# Energy dissipated by resistor problem

## Homework Statement

A 10 Ω resistor carries a current that varies as a function of time as shown. How much energy has been dissipated by the resistor after 5 s? a. 40 J
b. 50 J
c. 80 J
d. 120 J

## Homework Equations

I=dq/dt → dq=Idt → Q=∫Idt
P=∇E/∇t and V=IR (Ohm's Law) so P=IV ⇒ P=I^2R

## The Attempt at a Solution

My approach[/B]
For the first 5 seconds, the area under the curve is 6C, which is the total charge that was transferred through the resistor. Thus, the average current I=6C/5s=6/5 A
Since P=I^2R and P=E/∇t ⇒ E=I^2R∇t=(6/5A)^2(10Ω)(5s)= 72J
Clearly this is none of the answer choices, and I don't know where I went wrong.

Book's Approach
The book claims that D is correct, and states:
Since the current was 2A over 3s, the total energy dissipated is
E=(2A)^2(10Ω)(3s)=120J

I genuinely don't understand the book's approach. Power is by definition, the rate of energy transfer (in this case transformation to a different form) with respect to time. Here, the power MUST be computed over the 5 seconds in question, regardless of whether there was 0 current passing through for 2 seconds.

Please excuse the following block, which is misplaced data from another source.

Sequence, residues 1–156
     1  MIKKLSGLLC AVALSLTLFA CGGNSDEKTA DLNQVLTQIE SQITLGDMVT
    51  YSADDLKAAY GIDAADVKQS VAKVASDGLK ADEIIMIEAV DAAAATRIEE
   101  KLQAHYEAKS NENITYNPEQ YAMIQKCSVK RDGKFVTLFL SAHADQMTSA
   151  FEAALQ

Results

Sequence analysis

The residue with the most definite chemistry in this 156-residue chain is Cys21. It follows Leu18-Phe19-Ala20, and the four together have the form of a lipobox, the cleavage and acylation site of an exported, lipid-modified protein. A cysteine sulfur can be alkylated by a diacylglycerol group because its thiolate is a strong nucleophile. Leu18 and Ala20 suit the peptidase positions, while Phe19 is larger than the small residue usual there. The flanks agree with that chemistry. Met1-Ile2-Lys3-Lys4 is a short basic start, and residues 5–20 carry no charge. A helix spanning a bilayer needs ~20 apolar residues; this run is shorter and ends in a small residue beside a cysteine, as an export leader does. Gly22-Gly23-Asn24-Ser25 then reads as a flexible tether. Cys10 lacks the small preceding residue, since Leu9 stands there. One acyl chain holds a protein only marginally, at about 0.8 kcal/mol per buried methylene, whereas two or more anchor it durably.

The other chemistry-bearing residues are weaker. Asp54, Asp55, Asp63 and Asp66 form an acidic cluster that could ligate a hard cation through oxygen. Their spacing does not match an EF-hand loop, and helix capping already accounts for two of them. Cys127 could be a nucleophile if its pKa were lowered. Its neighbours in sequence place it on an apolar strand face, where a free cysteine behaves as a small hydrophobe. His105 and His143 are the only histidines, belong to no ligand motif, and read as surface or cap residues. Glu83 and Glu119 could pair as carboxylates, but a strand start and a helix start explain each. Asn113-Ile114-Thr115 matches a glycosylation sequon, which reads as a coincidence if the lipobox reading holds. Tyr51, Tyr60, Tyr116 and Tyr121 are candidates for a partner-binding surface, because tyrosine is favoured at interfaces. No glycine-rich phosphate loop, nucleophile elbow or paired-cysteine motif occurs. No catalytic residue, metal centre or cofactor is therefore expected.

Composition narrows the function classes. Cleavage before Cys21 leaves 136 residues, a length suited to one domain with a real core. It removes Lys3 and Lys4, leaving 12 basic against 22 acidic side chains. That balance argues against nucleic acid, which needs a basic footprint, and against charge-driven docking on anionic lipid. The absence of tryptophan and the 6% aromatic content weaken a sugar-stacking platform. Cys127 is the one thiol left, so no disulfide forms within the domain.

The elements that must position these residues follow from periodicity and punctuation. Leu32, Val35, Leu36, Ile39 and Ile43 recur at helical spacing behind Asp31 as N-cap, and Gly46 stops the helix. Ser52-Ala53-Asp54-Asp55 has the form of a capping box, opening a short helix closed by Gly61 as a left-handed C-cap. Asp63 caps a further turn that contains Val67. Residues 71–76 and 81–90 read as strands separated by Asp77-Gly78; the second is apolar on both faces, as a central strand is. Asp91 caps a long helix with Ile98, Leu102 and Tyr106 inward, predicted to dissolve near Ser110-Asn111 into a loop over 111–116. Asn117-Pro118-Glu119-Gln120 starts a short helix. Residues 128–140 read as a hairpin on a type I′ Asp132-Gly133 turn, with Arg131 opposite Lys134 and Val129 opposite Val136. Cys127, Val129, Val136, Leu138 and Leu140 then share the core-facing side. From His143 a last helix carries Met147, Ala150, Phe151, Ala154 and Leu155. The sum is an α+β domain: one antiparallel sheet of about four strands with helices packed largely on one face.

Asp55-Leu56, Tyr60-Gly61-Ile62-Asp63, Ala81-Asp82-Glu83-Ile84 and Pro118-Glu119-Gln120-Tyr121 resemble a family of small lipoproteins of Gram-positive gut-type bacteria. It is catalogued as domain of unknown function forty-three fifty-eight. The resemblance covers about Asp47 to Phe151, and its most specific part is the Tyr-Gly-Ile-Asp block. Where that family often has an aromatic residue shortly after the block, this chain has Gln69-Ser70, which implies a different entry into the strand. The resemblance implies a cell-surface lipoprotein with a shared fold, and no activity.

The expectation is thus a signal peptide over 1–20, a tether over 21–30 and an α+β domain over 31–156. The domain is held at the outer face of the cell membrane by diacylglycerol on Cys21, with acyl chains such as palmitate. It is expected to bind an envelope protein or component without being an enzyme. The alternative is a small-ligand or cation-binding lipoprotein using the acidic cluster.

Ultimately, why did the book use 3 seconds as ∇t? Is this allowed, and why is my approach flawed?

#### Attachments

Doc Al
Mentor
For the first 5 seconds, the area under the curve is 6C, which is the total charge that was transferred through the resistor. Thus, the average current I=6C/5s=6/5 A
Since P=I^2R and P=E/∇t ⇒ E=I^2R∇t=(6/5A)^2(10Ω)(5s)= 72J
Clearly this is none of the answer choices, and I don't know where I went wrong.
You found the average current. But since power is proportional to current squared, to use your approach you'd need the average value of current squared. (Which is not equal to the square of the average current.)

Here, the power MUST be computed over the 5 seconds in question, regardless of whether there was 0 current passing through for 2 seconds.
They did compute the energy over all 5 seconds. Since there was no energy used during the time the current was zero, you can skip that segment.

You found the average current. But since power is proportional to current squared, to use your approach you'd need the average value of current squared. (Which is not equal to the square of the average current.)

They did compute the energy over all 5 seconds. Since there was no energy used during the time the current was zero, you can skip that segment.
Thanks Doc. I am starting to understand why their approach works for computing energy. But let's say they asked for the power generated by the resistor for the 5 second interval.
P=120J/3s= 40W ?
I.e., can we again neglect that 2 second segment where no energy was generated? And if so, why?
Btw I'm sorry if I'm asking trivial questions, I've never been good at physics lol.

Doc Al
Mentor
But let's say they asked for the power generated by the resistor for the 5 second interval.
Don't worry about asking trivial questions! Those are the ones that drive you nuts. •